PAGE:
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oh the weather outside is weather…

snuggly sweaters and lacy layers.

Well, it’s finally happened: fall has arrived. Last week clouds rolled in, the wind was blowing, and I finally started to understand why everyone’s senora freaks out about bare feet in the house – these tiles are freezing. And along with all the rain and chill breezes came a deep sense of regret for items left behind.

Yup, I packed too light.

It’s a little hard to believe, actually. I’m one of those people who lives in perpetual fear of needing something I don’t happen to have on me. On any given day I’m most likely carrying on my person a bottle of Advil, perfume, a travel-sized toothbrush, five bobby pins, and my external hard drive. I mean, I literally brought thirteen pairs of shoes with me for three months in Argentina. Thirteen! I had to buy an extra duffle bag and transfer them all over from my huge suitcase in the middle of PDX just so I’d be under the weight limit.

And yet, here I am, freezing my tail off in southern Spain because I failed to pack anything warmer than my favorite blazer.

Of course, I’m well-aware of why this all came about. Airline baggage policies have changed quite a bit since I flew to South America: in 2008, I was allowed two 50-pound suitcases plus the normal carry-ons for international flights. On my way here, I had to fit my whole life into one 23-kilo square, plus the duffle I lugged over a dozen pairs of shoes in three years ago. All things considered, that’s not a lot of space. But I figured, as my mother repeatedly said to me as I edited my wardrobe down to airline regulation size, they do sell clothes in Spain. I wasn’t permanently limited to what I could stuff into my measly 28-inch box.

Two months in, I can tell you from personal experience that yes, they do sell clothes here. But they sell clothes in euros. With value-added tax. And no Forever 21s. So yeah, I’ve been doing some shopping out of necessity. A girl can’t live in sundresses and pink shorts alone. But it definitely would have been a good deal cheaper in the long run to pay the extra baggage fee.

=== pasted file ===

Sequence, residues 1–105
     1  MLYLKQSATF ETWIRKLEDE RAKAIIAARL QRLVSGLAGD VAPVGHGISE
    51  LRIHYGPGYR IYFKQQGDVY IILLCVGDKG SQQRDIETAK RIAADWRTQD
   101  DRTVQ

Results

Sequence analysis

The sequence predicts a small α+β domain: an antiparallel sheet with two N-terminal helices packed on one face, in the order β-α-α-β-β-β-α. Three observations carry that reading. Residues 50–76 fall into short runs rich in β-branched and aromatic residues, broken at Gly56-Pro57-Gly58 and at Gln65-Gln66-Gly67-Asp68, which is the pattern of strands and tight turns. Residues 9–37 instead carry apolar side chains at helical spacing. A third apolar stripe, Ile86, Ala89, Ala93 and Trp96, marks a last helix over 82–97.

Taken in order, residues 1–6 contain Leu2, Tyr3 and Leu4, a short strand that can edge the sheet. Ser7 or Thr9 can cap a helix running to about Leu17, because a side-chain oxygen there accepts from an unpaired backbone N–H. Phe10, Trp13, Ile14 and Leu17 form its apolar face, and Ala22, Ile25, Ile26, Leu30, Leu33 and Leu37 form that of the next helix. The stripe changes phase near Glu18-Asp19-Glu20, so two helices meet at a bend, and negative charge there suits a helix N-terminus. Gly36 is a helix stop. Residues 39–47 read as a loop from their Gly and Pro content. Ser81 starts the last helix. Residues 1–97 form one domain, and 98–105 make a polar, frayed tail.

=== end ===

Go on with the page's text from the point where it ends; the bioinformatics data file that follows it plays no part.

Learn from my mistakes, future study-abroaders: pack what you need.

That said, I’m pretty excited about my recent additions to my wardrobe. I’ve been slowly adding fall pieces, one or two at a time, and I think I can reasonably say that I’m prepared for colder days ahead.

my closet - finally almost full!

So what have I bought for fall? Let’s recap, shall we?

1. Cocoon coat in a lovely shade of tobacco (Pull&Bear)
2. Foliage/leopard-inspired printed dress (Pull&Bear)
3. Wide-striped sweatshirt dress (Stradovarius)
4. Cozy gray cableknit sweater (Oysho)
5. Pink and camel striped mohair sweater (H&M)
6. White lace tee (Zara)
7. Black stacked-heel ankle boots (H&M)
8. Black mini-dress with Stella McCartney-esque polka dot sleeves (Zara TRF)

Notice the trend of WARMTH. I was taken by surprise when the stormy weather blew through, but I will not be defeated by a little wind and rain. So if you’re planning some time abroad in Spain, make sure you come prepared; my blazers definitely aren’t enough.

the h&m boots - less comfy than they look, but so worth it.

I’m less than thrilled about the amount of money I’ve spent on this capsule wardrobe, but at least it’s all pieces I can wear back home, too. I have to remind myself that I’m not shopping on a whim here. While I’m excited about everything I’ve bought, it’s all necessary to a certain extent: I can’t run around in 40 degree weather in my sundresses. I needed some substantial clothes. But to those of you preparing for spring semester abroad, a word of caution: sometimes it’s worth it to pay for the extra baggage! Make sure you pack for weather from freezing temperatures to humid and rainy to dry and 100 degrees. This city is insane; choose your clothes wisely.

dresses in neutral colors for mixing and matching.

As the departure date for spring study-abroaders approaches, keep an eye out for packing tips from yours truly! I’ll do what I can to keep you from making the same mistakes I did.